5 reasons why clients won’t be hiring you


How do I get clients? or Why can’t I find any work? These are two of the most common questions asked on forums. Getting clients can be hard enough when you’re doing all the right things but if you’re asking these questions, is it possible you’re doing all the wrong things without even realising it?

This week I created this advert to recruit up to four new associates in my business, so for once I am the client. I know that not every VA is looking to work as part of a team with others but for some it can be a good move, especially when first starting out. It can give you new contacts, ideas for skills that are needed, niches that work and ongoing work from clients that you haven’t even had to make a sale to.

To be honest I’ve been quite shocked by the standard of some of the responses I’ve had so far. So I thought I’d share a few reasons why I won’t be pursuing some of them.  Are they the reason why some of your prospective clients aren’t hiring you?

1. You can’t follow instructions. If a prospective client has gone to the trouble of posting their requirements and how they’d like to hear from you, they’re the easiest clients in the world to convert. All you have to do is prove you can meet the requirements… and you’re in. If they ask you to email them and provide you with an address – do it. Do not post a reply on their blog post (which by the way doesn’t accept the attachments you told them to look at) with a huge heap of information about you and no reference to how you’d be a good fit for their needs. If they ask for answers to specific questions then, err, answer them.

2. You create too much client effort. Even if a prospect has posted the vaguest of online messages for assistance then if it’s humanly possible to get their contact details then use them. Use a direct message or email and explain exactly how you can help and try and set up a call or meeting to discuss it further. Find a phone number on their business website, or in the about section of their facebook profile. If you want the work then DO NOT leave it to the prospect to contact you. You may well be a social media expert but don’t say. “I’m an expert and here’s my email address”. Write to them and show off why you’re the expert, with examples, and they might just contact you back because they’ll know you’re just the proactive person that they need. It’s your job to make the effort and you’ll probably be rewarded with a new client.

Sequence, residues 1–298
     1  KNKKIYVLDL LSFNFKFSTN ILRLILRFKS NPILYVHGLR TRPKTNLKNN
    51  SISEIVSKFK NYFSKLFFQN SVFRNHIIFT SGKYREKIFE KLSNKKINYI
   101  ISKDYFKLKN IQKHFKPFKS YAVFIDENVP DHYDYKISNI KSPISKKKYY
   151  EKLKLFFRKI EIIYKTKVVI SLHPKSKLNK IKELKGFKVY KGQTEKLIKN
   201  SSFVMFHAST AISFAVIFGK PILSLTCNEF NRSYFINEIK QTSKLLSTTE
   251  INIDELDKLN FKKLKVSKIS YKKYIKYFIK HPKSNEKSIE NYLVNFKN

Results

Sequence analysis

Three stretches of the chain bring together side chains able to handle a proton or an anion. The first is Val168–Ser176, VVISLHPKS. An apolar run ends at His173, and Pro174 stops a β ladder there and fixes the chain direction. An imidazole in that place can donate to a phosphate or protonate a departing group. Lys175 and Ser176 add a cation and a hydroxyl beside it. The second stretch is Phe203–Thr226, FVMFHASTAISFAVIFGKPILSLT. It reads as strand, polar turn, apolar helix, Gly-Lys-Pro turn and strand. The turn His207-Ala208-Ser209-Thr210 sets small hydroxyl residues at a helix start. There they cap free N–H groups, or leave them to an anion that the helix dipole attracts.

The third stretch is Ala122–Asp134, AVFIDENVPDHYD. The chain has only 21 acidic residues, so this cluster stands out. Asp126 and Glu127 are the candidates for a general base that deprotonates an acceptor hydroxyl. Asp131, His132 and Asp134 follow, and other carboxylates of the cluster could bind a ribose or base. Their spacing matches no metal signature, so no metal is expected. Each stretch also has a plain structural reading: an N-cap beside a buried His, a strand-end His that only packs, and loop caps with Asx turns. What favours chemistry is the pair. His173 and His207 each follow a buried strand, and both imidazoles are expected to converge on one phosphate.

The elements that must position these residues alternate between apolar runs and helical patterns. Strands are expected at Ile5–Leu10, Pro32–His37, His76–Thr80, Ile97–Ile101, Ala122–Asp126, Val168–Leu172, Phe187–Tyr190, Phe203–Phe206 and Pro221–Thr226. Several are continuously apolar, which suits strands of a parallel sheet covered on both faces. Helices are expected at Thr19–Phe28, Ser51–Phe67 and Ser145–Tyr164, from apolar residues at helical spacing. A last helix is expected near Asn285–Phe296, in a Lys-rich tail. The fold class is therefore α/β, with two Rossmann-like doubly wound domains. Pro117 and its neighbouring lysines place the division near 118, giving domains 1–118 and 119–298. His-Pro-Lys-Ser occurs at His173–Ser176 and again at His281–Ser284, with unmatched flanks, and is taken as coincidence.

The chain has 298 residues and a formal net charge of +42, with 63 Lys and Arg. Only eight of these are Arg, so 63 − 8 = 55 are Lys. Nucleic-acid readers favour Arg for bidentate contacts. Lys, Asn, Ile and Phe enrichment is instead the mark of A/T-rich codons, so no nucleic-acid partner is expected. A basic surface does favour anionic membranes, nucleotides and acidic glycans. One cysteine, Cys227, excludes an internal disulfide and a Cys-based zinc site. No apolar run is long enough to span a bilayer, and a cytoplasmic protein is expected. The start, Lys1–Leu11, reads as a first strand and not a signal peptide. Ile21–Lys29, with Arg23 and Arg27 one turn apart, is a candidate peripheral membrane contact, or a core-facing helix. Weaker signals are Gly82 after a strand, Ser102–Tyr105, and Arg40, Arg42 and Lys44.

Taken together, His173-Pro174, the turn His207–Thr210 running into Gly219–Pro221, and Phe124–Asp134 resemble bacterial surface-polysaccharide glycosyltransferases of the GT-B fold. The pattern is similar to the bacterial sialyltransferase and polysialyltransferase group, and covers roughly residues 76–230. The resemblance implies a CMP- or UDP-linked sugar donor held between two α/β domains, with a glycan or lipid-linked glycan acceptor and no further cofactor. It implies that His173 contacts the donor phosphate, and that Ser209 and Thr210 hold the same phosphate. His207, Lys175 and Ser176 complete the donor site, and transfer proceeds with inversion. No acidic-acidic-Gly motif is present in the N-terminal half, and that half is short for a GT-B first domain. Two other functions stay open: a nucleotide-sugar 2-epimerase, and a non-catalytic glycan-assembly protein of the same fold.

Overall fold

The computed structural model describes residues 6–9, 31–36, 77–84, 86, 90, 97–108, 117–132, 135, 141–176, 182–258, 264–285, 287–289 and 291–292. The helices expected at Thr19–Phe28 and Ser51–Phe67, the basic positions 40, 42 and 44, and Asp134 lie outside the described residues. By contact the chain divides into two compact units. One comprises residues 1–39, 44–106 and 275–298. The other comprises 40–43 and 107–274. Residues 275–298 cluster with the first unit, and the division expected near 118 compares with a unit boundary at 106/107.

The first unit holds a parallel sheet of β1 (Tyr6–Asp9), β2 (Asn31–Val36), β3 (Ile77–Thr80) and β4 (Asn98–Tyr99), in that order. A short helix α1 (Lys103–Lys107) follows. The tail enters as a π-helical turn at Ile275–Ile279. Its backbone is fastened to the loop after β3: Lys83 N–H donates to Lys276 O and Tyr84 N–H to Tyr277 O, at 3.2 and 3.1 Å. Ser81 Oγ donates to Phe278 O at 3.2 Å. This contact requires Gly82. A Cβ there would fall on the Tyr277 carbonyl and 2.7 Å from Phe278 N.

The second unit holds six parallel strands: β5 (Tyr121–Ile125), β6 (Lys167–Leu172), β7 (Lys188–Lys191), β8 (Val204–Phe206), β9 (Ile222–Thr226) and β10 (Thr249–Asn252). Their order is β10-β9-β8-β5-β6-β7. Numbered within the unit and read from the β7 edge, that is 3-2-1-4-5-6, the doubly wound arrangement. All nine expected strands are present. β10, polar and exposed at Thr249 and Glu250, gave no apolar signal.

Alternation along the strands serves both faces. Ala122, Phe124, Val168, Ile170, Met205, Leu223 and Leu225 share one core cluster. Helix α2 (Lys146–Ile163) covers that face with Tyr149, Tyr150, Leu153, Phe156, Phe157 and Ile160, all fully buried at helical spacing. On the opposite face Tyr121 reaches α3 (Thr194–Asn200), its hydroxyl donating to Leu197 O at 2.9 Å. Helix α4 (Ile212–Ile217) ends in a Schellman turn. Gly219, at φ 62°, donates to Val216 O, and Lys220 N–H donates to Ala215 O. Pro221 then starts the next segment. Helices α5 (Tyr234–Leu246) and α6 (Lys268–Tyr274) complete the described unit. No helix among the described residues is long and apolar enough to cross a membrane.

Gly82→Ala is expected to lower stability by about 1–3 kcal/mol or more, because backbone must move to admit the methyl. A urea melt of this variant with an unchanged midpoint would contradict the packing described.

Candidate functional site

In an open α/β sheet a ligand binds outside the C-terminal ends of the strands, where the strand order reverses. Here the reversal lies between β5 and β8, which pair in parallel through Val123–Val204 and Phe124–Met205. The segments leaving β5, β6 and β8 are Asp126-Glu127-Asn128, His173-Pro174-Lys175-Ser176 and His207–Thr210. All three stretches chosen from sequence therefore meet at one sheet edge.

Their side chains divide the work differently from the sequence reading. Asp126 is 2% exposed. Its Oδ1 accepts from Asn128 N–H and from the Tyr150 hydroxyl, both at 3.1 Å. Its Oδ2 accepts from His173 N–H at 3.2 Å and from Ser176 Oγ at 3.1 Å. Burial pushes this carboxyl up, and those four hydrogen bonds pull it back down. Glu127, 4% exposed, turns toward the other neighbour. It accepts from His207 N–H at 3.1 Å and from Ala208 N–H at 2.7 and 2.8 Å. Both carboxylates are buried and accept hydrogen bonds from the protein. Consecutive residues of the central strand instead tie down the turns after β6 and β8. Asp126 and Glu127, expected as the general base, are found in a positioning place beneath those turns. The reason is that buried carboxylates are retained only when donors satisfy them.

3. Your messages are full of speeling messtakes. I’m sure there are plenty in this article but if you’re writing to a prospective client, especially if their work includes copywriting, then you’d better make sure it’s error free. If you don’t know the difference between your and you’re or their and there then you could be in trouble for a copywriting job, but otherwise at least get someone who does know the difference to read your first message.

4. Your website looks rubbish. If you’re a WordPress expert then chances are that your prospect won’t want to arrive at your site and find it running on the default template, with the default picture, with no understanding of online marketing because that’s – well it’s rubbish. As a virtual assistant your website is your advert to the world and your front door. Make it tidy and make it appealing.

5. You need to clean up your online profile. Many prospects will look you up online before getting back to you. If the first thing they find is that picture of you, drunk in a nappy at a music festival, or that set of nasty twitter messages you wrote to an “ex” friend then you might find the telephone a little quiet.

I hope you didn’t recognise yourself in that list! But if you did, please do consider making some changes and I’m sure your client list will be full in no time at all.


  1. I’m fairly new to this business, but I have been astonished at the low level of competence shown by SOME virtual assistants who claim to be above average in their field: poorly designed websites from VA’s who are ‘WordPress Experts’, spelling mistakes on websites from proof-reading VA’s, lack of social media updates from VA’s claiming to be social media gurus. Let me say at this point that the majority of VA sites are not like this – but there some bad ones out there – which makes me wonder how they ever get any business!

    And I understand why you are focusing on VA’s but the problem is bigger than that – there are quite a few supposedly professional business people making similar mistakes. Don’t get me started on the amount of dreadful (non VA) LinkedIn profiles I’ve viewed recently – a portrait photo on it’s side, a company director whose profile photo shows him with a beer in his hand, another company director on vacation with his kids, wearing a baggy and stained t-shirt…. the list goes on! However, we can all improve and learn from others, and as professional VA’s we should be leading the field and showing them all how it’s done, so thanks for this article!

  2. Thanks for the comments Angie, your description of the photos made me smile. I agree that this can be true across all sectors but, as you probably know, I am very keen on promoting the best side of the VA industry. I’d like to think that when I speak to clients about what we do that they think of it as a professional alternative to the traditional office and I’d love to think I can build up my own business virtually, rather than have an office myself. You don’t want any more book-keeping do you? I think we’re fairly close to one another by the looks of things! 😉


Please enter your comment!
Please enter your name here